5 Things I Learned About Kierkegaard’s Life from Stephen Backhouse
I hate to admit it, but not only did I skimp on Kierkegaard during my ThM in historical theology, Robert Bretall’s anthology of Kierkegaard’s works about did me in. Thankfully, I’m not alone in my struggle to grasp and appreciate the man and his ideas.
In his new book Kierkegaard: A Single Life Stephen Backhouse says, “It is not just theologians who find the influence of Kierkegaard hovering behind much of their work, only to find the life and thought of the man himself hard to get to know” (11)
Backhouse was spurred to write this book after a learned friend said the Kierkegaard he met in a book on his life and thought “seemed dense, distant, and unappealing.” (11) So he wanted to introduce this towering cultural influence in prose so compelling it read like a novel. He succeeded.
Reading it taught me five things about Kierkegaard that gives me a greater appreciation for our Dane’s enigmatic life.
1) Widespread Influence
First, Kierkegaard’s life is remarkable for its widespread influence. Backhouse reveals that his “influence seems to transcend any one of the spheres in which he is encountered.” (11) From modernists to postmodern thinkers, religious people to secular atheists, liberals to conservatives—all were influenced at some level, whether positively or negatively.
“Whatever your take on modern life,” Backhouse writes, “there are two things that can be said about Kierkegaard: his influence on our various modes of thought is widespread, and the exact nature of that influence is difficult to articulate.” (12)
2) Widespread Appreciation
Not only did Kierkegaard attain widespread influence, he also garnered widespread appreciation. Backhouse explains:
Poets and playwrights admired the man who wrote provocative fiction. Philosophers read him for his statements on the nature of time, existence, and the meaning of life. Conservatives liked Søren for his opposition to democracy and revolution. Liberals liked Søren for his championing of the individual and the common man against the forces of inherited tradition. Atheists loved his attacks on the clergy and official religion of Christendom. Reformers, longing for a renewal of Christianity in the land, also loved his attacks on the clergy and official religion of Christendom. (19)
I’d wager few Christians have been as appreciated by such a wide range of constituencies.
3) Widespread Reaction
And yet, his life wasn’t entirely celebrated. The same folks who appreciated him also despised him at some level.
Modernists are suspicious he sounds too postmodern; postmoderns think him mad for his adherence to big “T” Truth. Religious people suspect him to be a secular atheist; secular atheists run the other direction at his “leap of faith” conjectures. Liberals bristle at his critique of the notion of historical progress; conservatives are annoyed he finds Christian culture to be the enemy of individual liberty.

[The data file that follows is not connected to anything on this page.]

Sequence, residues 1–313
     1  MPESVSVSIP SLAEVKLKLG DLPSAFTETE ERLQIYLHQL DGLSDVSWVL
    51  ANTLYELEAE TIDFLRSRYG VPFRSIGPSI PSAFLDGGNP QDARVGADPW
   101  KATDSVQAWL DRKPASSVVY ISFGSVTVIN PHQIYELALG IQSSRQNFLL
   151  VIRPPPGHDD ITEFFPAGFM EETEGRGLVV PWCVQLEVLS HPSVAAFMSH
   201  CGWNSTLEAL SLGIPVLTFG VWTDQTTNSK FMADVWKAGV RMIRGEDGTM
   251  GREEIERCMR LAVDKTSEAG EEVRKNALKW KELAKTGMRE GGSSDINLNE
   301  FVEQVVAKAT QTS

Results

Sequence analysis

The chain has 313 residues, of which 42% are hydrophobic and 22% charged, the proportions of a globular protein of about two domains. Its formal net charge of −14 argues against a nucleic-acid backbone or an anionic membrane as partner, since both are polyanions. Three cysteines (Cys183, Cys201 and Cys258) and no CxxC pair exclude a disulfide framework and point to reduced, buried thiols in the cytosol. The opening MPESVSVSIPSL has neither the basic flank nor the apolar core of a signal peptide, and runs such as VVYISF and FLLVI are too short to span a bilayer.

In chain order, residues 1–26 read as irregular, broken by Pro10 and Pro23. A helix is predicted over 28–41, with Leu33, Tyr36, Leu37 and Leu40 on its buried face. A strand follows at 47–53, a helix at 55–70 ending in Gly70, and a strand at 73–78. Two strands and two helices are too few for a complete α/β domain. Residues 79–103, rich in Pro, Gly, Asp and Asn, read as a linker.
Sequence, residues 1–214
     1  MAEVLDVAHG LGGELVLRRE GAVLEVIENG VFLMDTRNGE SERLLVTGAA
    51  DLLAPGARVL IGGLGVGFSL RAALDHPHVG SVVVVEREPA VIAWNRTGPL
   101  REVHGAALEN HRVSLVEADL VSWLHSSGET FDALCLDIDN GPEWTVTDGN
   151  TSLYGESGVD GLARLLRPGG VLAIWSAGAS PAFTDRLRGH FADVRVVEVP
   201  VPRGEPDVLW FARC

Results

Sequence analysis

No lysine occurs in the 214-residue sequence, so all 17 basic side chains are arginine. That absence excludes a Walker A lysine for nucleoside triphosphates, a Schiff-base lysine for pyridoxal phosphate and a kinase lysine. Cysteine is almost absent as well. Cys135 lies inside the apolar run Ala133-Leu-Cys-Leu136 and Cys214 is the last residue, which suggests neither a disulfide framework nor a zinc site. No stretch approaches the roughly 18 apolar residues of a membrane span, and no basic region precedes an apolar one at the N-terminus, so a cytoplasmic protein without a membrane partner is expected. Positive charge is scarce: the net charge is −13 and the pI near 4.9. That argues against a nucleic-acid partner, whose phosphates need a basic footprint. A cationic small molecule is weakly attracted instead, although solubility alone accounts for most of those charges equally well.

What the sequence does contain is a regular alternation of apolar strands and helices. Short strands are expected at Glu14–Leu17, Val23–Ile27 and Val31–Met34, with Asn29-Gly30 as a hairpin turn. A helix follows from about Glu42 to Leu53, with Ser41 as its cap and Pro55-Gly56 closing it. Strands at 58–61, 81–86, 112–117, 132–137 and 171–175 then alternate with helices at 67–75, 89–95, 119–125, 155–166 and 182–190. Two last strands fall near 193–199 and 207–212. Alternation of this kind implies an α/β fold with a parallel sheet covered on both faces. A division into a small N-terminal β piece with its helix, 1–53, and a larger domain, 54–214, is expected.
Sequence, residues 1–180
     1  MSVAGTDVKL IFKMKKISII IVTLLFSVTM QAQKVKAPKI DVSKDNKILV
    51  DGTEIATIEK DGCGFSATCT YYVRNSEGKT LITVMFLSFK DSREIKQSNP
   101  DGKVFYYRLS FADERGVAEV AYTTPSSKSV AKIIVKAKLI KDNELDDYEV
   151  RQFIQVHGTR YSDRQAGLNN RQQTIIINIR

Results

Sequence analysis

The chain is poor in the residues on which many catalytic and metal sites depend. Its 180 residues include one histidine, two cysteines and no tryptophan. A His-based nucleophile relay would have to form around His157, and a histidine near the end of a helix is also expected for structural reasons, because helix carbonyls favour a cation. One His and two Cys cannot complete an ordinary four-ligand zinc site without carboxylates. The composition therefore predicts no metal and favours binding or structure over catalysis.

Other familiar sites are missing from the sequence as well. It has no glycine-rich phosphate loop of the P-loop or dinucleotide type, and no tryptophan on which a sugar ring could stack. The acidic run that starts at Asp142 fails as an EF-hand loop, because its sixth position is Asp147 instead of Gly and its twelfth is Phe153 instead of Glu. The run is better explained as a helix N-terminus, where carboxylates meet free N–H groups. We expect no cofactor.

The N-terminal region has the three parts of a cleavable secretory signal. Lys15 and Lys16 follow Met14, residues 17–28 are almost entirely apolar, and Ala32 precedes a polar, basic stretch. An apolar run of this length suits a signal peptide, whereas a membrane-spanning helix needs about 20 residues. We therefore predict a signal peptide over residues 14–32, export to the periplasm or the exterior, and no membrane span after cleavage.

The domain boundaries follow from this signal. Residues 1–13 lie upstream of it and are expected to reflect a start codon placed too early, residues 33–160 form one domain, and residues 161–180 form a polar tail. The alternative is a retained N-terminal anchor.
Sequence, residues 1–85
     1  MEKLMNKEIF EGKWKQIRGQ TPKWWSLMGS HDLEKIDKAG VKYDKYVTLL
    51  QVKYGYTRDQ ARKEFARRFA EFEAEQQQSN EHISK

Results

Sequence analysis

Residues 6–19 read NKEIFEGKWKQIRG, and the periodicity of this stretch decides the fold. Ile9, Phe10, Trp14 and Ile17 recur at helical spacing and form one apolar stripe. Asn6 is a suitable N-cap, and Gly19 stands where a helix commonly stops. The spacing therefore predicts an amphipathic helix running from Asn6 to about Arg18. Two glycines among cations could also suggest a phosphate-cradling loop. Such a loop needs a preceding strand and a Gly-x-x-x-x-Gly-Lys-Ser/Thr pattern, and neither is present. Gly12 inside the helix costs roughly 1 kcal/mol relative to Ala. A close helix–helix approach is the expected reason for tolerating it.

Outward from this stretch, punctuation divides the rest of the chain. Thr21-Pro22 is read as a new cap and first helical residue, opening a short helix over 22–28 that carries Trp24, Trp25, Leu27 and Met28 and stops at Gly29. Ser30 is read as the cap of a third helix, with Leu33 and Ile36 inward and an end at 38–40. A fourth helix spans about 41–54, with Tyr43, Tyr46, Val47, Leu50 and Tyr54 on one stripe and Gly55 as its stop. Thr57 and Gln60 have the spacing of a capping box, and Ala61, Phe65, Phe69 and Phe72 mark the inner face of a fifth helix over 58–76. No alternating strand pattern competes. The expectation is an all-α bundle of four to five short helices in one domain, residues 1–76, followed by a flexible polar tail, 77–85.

Backhouse is right: “Clearly, this was a man of sharp contradictions and puzzling paradoxes.” (19)
4) Lived as Fremmed
Perhaps the reason why he was so contradictory and paradoxical is because from boyhood he was, as the Danes say, fremmed. A foreigner.
“Søren was an alien, a refugee,” Backhouse explains. “He moved through his world like a stranger exiled to a strange land.” As a boy he displayed a bitting wit and superior intellect and attitude that alienated him from peers. He was also quiet and aloof, all characteristics he’d carry with him into adulthood. Such foreigner sensibilities marked a particularly conflicting period when he sought to parse whether it would be better to live as a loner or lover, thanks to a one Regine Olson.
“‘Fremmed’ pops up a lot, which might explain the idiosyncratic memoirs. The pen portraits are inconsistent in minor details, but all agree that Søren struck an odd figure.” (37)
5) Influenced by Moravians
As a child, Kierkegaard said he “acquired an anxiety about Christianity and yet felt powerfully attracted to it.” This acquisition and attraction probably stemmed from the Moravian Church, a life detail I hadn't know about.
Their emphasis on the tortured and crucified Christ had a particularly strong influence on Kierkegaard’s spirituality via his father. “His Christianity was serious and suffering, not joyful or graceful” (56) As a result, “Søren would recall how he was brought up to believe with a firm conviction that in this base and corrupt world, everything that was Right and True would be spat upon.” (57)
Contemplating this childhood spiritual influence, Kierkegaard would later comment, “No wonder, then, that there were times when Christianity seemed to me the most inhumane cruelty, although I never, even when I was further away from it, gave up my veneration for it.”
Stanley Hauerwas says Backhouse’s work is “An extremely useful book that makes Kierkegaard accessible to those just beginning to know him. Backhouse’s account of Kierkegaard’s life is exemplary.”
Engage this account yourself to understand why “Kierkegaard stands as an influence on some of the most important, life-giving, and controversial developments in the modern age.” (13)
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